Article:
I rarely quote Frank Rich. But think about this for a few minutes:
YouTube, the medium that has transformed our culture and politics, didn’t exist four years ago. Four years from now, it’s entirely possible that some, even many, of the newspapers and magazines covering this campaign won’t exist in their current form, if they exist at all. The Big Three network evening newscasts, and network news divisions as we now know them, may also be extinct by then.
Emily calls it going corporate. Jeremiah calls it a mash-up. Irregahdless, as I think they say in Southie, what it means is putting together the two best teams in social media-marketing-computing research. And you know, even to this old cynic, it's already feeling like a team. (That whole Cambridge-Manhattan thing is muted by California and Europe and all the leftover New Englanders at Jupiter....)
Some early observations:
Boy, do they have a lot of process. (Refreshingly, it's aligned with corporate and client objectives.)
They brainstorm just like we do: Way too many random whiteboard pattern-matching exercises!
One of my colleagues will soon be launching a "Wave" for media agencies. For those of you who may not know, a Forrester Wave is an analysis and evaluation of a particular market.
A critical step is defining the 80 or so criteria on which the agencies will be evaluated. These criteria will also be made available to our clients so they are able to customize the output - or rating - based on their needs.
Among many others, we'll ask and examine these agencies' media buying and planning offers and how they execute; their clients (including retention rate); their corporate strategy; their ability to help deliver insights on specific audiences; and of course, how they approach integrated - or cross-channel - media campaigns.
What are the most important criteria for you? If you're an agency, what do you expect to be judged on? And if you're an advertiser, what are the make or break characteristics of the partners you work with?
The seafood-related alcohol beverage. "When we eat the shark we drink this Brennivin," Sigfus Sigurdsson said, referring to the Icelandic caraway-flavored schnapps that is sometimes called "Black Death."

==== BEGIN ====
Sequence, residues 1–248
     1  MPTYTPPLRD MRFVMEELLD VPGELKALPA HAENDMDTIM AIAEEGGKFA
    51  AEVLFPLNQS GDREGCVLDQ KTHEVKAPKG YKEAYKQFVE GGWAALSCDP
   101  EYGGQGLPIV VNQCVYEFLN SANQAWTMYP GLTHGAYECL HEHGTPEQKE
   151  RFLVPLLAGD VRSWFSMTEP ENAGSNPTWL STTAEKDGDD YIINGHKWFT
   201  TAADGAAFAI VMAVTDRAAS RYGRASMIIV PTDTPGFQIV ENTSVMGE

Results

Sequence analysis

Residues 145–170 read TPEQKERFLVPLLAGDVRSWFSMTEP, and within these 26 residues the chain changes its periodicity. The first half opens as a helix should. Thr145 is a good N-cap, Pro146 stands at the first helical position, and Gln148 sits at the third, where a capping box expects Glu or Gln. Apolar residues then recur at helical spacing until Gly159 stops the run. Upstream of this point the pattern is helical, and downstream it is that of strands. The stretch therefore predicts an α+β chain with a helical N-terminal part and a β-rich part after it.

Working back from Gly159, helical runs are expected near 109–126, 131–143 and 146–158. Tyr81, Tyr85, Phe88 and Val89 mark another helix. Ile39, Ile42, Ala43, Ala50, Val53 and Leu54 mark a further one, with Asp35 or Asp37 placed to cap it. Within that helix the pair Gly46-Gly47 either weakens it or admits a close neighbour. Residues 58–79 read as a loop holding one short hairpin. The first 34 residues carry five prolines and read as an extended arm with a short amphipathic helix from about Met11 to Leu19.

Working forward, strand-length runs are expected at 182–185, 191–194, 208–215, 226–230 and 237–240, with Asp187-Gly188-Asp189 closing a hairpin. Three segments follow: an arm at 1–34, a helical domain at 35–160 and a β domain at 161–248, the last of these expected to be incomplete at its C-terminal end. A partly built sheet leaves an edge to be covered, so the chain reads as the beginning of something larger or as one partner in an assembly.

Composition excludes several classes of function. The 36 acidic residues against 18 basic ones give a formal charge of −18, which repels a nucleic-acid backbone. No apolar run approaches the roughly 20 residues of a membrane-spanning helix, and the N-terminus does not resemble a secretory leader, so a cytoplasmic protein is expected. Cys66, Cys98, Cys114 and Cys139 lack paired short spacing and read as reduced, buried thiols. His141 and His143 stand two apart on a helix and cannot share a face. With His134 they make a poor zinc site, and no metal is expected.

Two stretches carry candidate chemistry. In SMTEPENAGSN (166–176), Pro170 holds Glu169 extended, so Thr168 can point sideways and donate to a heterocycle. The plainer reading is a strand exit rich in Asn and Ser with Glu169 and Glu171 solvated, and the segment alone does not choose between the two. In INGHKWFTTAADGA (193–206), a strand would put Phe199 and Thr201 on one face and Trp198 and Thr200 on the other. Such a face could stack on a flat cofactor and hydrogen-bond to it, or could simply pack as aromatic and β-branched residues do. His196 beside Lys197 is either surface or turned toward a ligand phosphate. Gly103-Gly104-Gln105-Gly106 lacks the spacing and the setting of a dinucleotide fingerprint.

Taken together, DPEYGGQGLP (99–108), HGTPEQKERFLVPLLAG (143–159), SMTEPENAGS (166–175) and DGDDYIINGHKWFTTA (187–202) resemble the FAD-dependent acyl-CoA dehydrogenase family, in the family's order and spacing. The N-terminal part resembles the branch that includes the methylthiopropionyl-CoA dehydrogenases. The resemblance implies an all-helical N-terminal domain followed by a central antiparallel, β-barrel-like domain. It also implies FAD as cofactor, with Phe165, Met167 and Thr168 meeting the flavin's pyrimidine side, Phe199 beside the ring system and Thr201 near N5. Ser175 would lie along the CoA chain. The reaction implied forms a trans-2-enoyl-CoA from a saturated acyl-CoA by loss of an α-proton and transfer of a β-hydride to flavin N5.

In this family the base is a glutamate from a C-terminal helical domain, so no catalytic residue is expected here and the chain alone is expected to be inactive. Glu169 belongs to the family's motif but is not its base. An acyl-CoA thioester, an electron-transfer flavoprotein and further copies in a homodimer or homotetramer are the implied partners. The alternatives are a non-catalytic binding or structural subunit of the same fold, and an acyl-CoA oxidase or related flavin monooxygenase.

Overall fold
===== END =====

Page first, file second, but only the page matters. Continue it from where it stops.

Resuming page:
"You put it in the freezer for a few weeks so the liquid becomes real thick," he continued, "and then the way you work the shark you can't describe it, but it smells awful."
But it tastes good, right? "No," Gudjon Sigurdsson said with a laugh. "But you have to do it. That's just the way it is."
And then, we have the existentialism flavored with mysticism:
The sixth Harry Potter film, Harry Potter and the Half-Blood Prince, originally scheduled for a November 21 release, has now been moved to July 17, 2009 in the US and major international markets
Warners claims it's because the writers' strike threw off the skeds for other potentially big openers. Does that mean it needs Potter to save 2009, after 2008 got the surprise benefit of a bigger-than-expected Bats? Or does Potter 6 need major re-work? Furious fans want to know...
I guess if you already know a movie script is going to be crappy and require dozens of re-writes from multiple teams of writers who don't talk to each other, it makes sense to get to it earlier rather than later:
"We all want this movie to go into production as soon as possible," (Paradox Entertainment president and CEO Fredrik) Malmberg (who's producing the Conan re-make) said. "It's a fast-tracked movie. Lionsgate felt the process was enhanced by having a second team come in and do a script."
Must-read interview in the Journal with MLB.com ceo Bob Bowman. On the state of mobile sports content for now:
People don't look at their phone for very long. It's about 30 seconds. And that's how people are used to enjoying non-voice content on their wireless devices. For a live baseball game, I'd rather get five updates from five games rather than watch two minutes of a baseball game. That may change as quality gets better, as the pipe gets better, as all of these things get better, as screens get more robust. But right now, that's where it is.
MLB.com is one of the rare successes in online paid content, though a ton of its revenues come from ticketing. Oh, and he says he won't sue his fans.
This morning, M.I.A.'s "Paper Planes," previously a non-hit from a year-old album, was (still) number two on the iTunes singles list. (Not on Amazon.) It's featured in the trailer for the stoner flick "Pineapple Express." Whatever it takes. Five years ago, fans would have had a hard time buying a single of a song from a movie. See, music industry, digital isn't all bad...
I'm not sure more is better when it comes to creating customer segmentation analysis based on social media activities and attitudes. Still, the virtual discussion is fruitful, and it makes me think about demographics vs. psychographics vs. generational schemes. And to wonder how much the models we create now will have to evolve in the future.
Gartner calls its system a generation, but disavows age and other demographics. (And predicts more marketing spending online than off- in ten years.) Whatever. Jupiter, Forrester and most marketers and programmers I know still think a lot about demographics. Still, I'm partial to a more "psycho" approach -- I've been convinced over the years that attitudes and experiences are highly predictive of future behavior. And I've been working on Millennials analysis as well.